The Ultra has crazy-accurate GPS.
The Ultra has the most advanced GPS-tracking ability of any Apple Watch out there. Specifically, it has a dual-frequency L1 and L5 GPS, while other non-Ultra Apple Watch models just have L1 GPS. The inclusion of L5 allows the Ultra to have better GPS tracking and navigate around things like buildings, tunnels and even tall trees and still get a signal. Most of the serious GPS smartwatches by the likes of Garmin and Suunto have L1 and L5 GPS — but this is the first time Apple is doing it as well.
Apple claims that the dual-frequency GPS will greatly benefit runners in cities and in more remote areas — places that have to deal with these taller obstacles and spottier satellite connectivity. But even if you do lose the GPS signal on your run or workout, the Apple Watch Ultra is smart enough, because it uses data like steps, cadence and pace to accurately fill in those gaps in your workout. This means even if you don't have a great signal, Apple claims that the Ultra is able to track your runs more accurately than most other GPS smartwatches.
The Ultra has a secret feature for runners.
The Ultra has an extra feature that no other Apple Watch is able to take advantage of, and it's really convenient for runners. It's called "Precision Start" and it's really quite simple. When turned on, it'll start your workout right when you press the Action button (or initiate the workout through the app). It eliminates the countdown — 3...2...1...Start — that continues to be on every other Apple Watch.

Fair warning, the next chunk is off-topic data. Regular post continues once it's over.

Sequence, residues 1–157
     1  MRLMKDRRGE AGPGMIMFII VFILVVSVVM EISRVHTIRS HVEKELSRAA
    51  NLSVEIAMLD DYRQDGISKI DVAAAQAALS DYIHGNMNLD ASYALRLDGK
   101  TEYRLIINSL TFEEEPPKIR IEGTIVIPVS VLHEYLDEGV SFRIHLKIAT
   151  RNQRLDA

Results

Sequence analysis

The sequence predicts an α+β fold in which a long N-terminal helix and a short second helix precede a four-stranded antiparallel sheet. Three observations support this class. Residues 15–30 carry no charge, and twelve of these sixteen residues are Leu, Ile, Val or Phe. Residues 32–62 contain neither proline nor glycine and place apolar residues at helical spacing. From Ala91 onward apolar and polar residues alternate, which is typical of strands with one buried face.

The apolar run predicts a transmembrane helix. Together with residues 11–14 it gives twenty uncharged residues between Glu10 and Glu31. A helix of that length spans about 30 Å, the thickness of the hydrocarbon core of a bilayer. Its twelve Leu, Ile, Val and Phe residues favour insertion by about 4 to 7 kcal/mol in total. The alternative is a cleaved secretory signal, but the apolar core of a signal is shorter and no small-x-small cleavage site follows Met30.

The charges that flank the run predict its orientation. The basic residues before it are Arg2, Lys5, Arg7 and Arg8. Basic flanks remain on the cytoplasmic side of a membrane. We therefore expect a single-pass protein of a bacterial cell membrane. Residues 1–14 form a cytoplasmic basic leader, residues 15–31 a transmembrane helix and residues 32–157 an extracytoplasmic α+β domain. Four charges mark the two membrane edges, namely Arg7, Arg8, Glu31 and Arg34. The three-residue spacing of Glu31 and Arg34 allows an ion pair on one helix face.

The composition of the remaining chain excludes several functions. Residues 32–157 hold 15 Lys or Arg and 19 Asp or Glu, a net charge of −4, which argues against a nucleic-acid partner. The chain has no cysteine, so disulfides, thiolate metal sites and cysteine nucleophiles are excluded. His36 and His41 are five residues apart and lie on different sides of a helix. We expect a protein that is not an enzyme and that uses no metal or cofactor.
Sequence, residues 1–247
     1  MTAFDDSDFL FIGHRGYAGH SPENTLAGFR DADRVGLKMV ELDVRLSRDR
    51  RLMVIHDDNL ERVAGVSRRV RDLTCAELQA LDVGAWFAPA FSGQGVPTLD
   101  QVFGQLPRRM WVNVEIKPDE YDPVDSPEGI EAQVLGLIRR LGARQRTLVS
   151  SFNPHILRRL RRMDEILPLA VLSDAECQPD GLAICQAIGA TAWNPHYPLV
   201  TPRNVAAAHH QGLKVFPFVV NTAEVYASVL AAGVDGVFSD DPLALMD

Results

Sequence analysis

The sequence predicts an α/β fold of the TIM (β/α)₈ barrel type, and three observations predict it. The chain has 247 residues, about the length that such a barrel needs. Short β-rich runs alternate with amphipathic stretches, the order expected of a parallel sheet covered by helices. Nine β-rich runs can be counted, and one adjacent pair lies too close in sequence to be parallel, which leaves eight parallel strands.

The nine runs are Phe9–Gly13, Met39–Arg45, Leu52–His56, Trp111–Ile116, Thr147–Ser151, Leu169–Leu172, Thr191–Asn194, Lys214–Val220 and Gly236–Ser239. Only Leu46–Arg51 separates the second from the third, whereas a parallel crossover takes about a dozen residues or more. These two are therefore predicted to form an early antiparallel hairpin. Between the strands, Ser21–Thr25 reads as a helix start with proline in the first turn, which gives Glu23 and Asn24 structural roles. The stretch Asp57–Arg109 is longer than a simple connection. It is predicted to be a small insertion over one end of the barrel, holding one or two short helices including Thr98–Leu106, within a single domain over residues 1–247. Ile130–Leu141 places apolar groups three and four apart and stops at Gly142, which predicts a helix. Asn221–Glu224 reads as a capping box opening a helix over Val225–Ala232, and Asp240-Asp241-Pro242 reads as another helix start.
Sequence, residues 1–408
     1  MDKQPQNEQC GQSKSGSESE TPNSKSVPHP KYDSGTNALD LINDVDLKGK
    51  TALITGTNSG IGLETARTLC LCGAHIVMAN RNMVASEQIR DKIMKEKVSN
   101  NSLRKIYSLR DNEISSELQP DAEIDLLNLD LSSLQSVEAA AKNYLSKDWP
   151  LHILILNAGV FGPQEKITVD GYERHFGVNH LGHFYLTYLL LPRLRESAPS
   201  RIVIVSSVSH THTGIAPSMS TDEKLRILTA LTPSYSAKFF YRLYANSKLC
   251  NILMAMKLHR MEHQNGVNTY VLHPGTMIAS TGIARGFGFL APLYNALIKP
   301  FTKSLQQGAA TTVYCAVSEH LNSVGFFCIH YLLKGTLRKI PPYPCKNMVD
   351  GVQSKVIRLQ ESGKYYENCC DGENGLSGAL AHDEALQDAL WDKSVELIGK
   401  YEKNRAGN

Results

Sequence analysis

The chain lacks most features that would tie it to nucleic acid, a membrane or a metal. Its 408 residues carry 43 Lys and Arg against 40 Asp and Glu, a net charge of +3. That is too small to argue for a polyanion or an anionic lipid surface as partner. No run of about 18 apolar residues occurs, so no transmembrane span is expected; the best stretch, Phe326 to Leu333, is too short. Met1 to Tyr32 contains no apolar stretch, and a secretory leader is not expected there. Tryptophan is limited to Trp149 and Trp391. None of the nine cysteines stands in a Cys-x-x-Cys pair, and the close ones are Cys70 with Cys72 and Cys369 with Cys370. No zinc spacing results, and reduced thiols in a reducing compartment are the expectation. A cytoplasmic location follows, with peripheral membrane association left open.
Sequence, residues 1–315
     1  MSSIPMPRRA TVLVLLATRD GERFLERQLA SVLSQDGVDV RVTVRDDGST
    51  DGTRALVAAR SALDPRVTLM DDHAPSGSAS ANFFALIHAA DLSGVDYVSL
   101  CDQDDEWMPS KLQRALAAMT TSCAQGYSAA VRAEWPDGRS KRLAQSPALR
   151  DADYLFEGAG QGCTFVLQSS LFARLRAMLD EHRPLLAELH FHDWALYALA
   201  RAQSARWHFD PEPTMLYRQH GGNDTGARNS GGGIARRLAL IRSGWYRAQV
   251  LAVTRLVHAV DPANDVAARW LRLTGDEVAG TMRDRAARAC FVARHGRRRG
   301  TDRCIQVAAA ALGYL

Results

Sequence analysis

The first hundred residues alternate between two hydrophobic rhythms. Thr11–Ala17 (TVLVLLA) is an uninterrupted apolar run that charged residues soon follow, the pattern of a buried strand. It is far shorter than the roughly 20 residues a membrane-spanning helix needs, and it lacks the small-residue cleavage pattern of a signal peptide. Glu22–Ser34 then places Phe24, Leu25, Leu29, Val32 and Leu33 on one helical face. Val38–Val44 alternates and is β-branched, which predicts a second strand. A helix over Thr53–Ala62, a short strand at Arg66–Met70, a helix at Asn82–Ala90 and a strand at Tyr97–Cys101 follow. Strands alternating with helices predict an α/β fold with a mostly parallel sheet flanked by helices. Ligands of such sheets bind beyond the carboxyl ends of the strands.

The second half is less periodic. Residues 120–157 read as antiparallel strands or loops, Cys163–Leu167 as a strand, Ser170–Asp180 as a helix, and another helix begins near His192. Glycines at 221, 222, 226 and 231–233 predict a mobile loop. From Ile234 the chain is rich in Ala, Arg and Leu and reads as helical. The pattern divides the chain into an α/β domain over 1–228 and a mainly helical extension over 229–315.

For anybody who has worked out with an Apple Watch and been frustrated by this delayed start, Precision Start really is nice. You just press and go. It feels like a feature that should be on every other Apple Watch, but it's not — because it's designed to work hand-in-hand with the Ultra's Action button.
(To turn on Precision Start, you can open the Settings app in the Apple Watch app on your iPhone or the Settings app on Apple Watch itself: Settings > Workout app > Precision Start.)
The Ultra feels big, but it won't slow you down.
One of the biggest things (pun intended) that I was worried about with the Ultra was that it was not only going to look big, but also feel big. On paper, it kind of is. The Ultra has the biggest display (49mm) of any Apple Watch. At 61.3 grams, it's also the heaviest Apple Watch. By comparison, the larger size of the Series 8 is 45mm and weighs 51.5 grams.